QS competitors have the bittersweet life of travelling the globe, surfing sub-par waves with a trillion other CT graduate hopefuls, crammed in the same space, surfing the same beachie and staying on the same street. It must be a bit of a dog show if you ask me. Imagine travelling to Japan to find one foot onshore slop with a thousand other homies on the same trip. Bummer. How the hell would you find people to do daily write-ups? It would be so boring to read, let alone write!
But in South Africa, the QS is a dreamy affair. Today the waves pumped for the finals of the Mitchum Buffalo City Surf Pro presented by Reef. Solid 5ft. And powerful. The groms couldn’t properly bury their rails on their bottom turns and I swear I saw Greg Emslie hold a bottom turn for three days round a section.
It was a damn exciting day to be on the beach. Here’s what went down.
Dale Staples – Maturity Comes with Age
It’s funny how as you get older, you command more authority. Naturally. It’s not like one day you wake up, and suddenly people begin to respect you. Instead, it happens gradually. Over time. Dale Staples has a certain elderly calmness about him, an inner peace, an attitude which commands respect. And it comes through in his surfing. Dale, much like his elder statesman, Greg Emslie, has the ability to drop anchor and wait for the bombs. And when the bombs come a-knocking, he converts that ocean energy into well-tabulated scores.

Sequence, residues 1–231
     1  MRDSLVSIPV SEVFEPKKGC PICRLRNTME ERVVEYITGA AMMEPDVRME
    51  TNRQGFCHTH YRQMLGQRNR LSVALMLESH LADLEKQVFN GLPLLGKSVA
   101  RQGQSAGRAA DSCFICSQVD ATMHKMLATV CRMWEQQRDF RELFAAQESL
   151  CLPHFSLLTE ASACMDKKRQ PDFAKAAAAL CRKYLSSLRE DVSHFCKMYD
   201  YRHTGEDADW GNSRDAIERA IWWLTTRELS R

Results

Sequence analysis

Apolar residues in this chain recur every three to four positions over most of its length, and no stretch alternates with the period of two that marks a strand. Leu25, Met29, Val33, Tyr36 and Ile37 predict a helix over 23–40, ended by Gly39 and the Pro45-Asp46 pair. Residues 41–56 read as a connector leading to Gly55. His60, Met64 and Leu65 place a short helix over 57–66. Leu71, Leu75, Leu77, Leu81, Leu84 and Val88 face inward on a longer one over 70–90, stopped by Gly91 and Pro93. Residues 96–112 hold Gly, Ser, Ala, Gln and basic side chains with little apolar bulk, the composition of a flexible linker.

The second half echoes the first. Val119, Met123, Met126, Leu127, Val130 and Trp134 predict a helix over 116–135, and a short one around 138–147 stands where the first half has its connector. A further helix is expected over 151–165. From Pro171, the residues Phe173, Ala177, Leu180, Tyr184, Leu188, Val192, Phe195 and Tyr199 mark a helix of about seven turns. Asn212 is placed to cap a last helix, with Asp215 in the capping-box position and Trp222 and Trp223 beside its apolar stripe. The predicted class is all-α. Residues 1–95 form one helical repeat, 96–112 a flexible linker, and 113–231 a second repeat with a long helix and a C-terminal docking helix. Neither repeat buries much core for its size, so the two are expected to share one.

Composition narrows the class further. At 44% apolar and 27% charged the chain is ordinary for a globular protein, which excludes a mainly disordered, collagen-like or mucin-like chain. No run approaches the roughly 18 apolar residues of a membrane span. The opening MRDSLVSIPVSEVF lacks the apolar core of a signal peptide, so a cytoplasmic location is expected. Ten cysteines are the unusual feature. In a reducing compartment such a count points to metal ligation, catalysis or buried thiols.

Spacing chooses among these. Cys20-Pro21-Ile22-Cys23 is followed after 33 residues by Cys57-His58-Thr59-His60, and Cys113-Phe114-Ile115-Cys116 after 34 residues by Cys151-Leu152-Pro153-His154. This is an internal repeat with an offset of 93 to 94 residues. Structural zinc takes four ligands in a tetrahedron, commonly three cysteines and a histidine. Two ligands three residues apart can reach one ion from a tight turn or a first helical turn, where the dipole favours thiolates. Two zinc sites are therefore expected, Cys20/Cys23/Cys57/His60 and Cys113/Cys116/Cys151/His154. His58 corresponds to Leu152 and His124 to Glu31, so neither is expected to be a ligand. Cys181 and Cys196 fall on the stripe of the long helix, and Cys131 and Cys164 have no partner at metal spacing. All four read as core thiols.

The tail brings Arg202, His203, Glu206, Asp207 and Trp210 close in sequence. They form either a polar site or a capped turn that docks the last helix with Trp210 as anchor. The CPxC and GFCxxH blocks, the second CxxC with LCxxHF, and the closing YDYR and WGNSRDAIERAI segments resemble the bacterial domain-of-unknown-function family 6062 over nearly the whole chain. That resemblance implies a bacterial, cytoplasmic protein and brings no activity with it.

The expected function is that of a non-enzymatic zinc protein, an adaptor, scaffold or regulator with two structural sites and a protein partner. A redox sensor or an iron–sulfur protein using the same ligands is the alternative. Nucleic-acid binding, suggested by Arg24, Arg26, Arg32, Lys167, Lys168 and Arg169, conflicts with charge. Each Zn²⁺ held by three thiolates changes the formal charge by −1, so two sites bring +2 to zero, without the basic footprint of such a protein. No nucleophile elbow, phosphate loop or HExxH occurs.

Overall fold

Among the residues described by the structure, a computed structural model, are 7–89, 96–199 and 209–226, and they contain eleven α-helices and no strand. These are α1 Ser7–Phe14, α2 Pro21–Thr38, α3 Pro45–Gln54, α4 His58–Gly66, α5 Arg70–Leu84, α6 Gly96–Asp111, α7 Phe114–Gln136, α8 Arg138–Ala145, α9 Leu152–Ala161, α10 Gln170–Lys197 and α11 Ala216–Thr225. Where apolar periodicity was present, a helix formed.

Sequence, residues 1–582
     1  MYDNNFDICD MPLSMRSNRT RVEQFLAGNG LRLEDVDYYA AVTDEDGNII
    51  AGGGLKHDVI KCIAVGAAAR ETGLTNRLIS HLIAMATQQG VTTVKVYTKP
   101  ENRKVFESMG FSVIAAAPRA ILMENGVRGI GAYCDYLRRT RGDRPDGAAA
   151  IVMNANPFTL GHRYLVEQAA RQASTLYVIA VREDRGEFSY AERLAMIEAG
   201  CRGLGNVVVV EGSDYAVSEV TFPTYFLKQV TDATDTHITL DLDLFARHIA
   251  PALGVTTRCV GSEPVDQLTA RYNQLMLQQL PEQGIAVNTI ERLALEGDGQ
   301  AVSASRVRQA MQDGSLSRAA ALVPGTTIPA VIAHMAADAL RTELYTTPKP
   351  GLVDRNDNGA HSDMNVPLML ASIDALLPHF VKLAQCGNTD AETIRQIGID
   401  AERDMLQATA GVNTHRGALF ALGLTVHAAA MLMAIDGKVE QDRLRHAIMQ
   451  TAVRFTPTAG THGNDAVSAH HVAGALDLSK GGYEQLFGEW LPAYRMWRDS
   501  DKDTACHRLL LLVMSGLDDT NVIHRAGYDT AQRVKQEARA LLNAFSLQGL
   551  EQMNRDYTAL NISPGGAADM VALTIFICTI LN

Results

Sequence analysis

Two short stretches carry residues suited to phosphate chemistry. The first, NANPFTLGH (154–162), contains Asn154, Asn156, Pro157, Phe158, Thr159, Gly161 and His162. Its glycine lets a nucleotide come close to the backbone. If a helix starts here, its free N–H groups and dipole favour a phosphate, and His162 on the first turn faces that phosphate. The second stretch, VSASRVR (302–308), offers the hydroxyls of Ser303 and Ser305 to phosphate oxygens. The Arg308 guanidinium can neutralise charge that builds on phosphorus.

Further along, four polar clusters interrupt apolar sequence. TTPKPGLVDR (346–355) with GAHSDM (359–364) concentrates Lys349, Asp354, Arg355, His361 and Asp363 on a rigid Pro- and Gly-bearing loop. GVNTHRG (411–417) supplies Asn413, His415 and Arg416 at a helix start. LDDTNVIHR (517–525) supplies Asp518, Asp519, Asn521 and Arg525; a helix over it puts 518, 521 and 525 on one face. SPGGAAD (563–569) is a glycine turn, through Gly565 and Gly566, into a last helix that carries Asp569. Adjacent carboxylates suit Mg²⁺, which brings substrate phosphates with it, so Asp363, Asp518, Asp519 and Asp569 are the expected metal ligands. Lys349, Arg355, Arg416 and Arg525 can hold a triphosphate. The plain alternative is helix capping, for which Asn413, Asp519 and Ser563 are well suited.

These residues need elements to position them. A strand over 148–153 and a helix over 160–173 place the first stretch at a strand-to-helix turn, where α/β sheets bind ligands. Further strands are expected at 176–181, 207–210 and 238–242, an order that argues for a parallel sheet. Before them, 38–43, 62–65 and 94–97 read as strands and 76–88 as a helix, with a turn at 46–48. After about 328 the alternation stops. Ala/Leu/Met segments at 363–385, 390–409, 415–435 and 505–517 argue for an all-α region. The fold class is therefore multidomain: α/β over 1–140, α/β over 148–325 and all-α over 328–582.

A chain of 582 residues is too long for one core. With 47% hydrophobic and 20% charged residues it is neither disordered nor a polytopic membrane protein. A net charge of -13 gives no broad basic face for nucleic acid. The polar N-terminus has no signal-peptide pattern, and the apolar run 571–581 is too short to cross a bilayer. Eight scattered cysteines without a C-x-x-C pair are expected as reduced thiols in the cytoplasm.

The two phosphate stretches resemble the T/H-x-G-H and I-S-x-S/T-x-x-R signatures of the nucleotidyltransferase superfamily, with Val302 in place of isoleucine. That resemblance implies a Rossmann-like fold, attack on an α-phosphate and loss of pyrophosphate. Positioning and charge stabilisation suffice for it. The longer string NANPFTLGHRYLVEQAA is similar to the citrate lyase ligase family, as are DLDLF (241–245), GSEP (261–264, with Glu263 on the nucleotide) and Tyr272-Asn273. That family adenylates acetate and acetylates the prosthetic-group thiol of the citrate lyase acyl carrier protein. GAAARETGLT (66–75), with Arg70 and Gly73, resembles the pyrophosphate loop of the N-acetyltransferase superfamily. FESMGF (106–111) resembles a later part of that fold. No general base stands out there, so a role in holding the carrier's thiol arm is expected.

Dale was one of the standouts throughout the event. He reminded us of a Wade Carmicheal. Beastie Boys on the rail. Always pushing hard. His flow, top shelf. And not a stuff will he ever cut any turn short. When he starts a turn, it’ll always (without fail) end where it’s meant to end. In Dale’s semi against the Big Foot, Dale dropped two of the biggest layback hammers we’ve ever seen. The judges awarded it an 8.25 while the spectators awarded it a 9.25 in their hearts.
Dale also won the Big Foot Bounty, disposing of Greg once and for all in the Semifinals. But Dale had beaten Greg in both Round 2 and 4 previously. The open faces of Nahoon Reef allowed Dale to do the surfing he’s good at and we certainly enjoyed the show. Well done Dale!
Michael Hill – The Waterman
Michael’s been on a longboarding tear. He took out the longboarding event at the Volkswagen Nelson Mandela Bay Surf Pro presented by Billabong in PE, pipping Ludi Du Toit and today he stole the win from the stylish Steven Sawyer in the dying minutes.
In Michael’s approach, he reveals his age. An approach garnered by years of experience. Knowledge built upon knowledge. Michael appears to be waterman at heart. Like a Pierre De Villiers-esque character. He’ll way easier shoot a 90cm yellowtail 10 metres underwater and defend it from a hungry 4m G-white before the homie knows how to download Instagram on his iPhone (it would seem).
The ocean resonates through him and the waves he chooses, the moves he goes for, the length of time he’ll wait to get the waves he wants and the simple yet delicate adjustments he makes on the board, all point towards a man who’s spent a life inspired by and dedicated to the ocean. And it’s certainly inspiring to see a man so dedicated to the ocean come out on top, not only because of his skill but to a large degree, his deep understanding of the sea.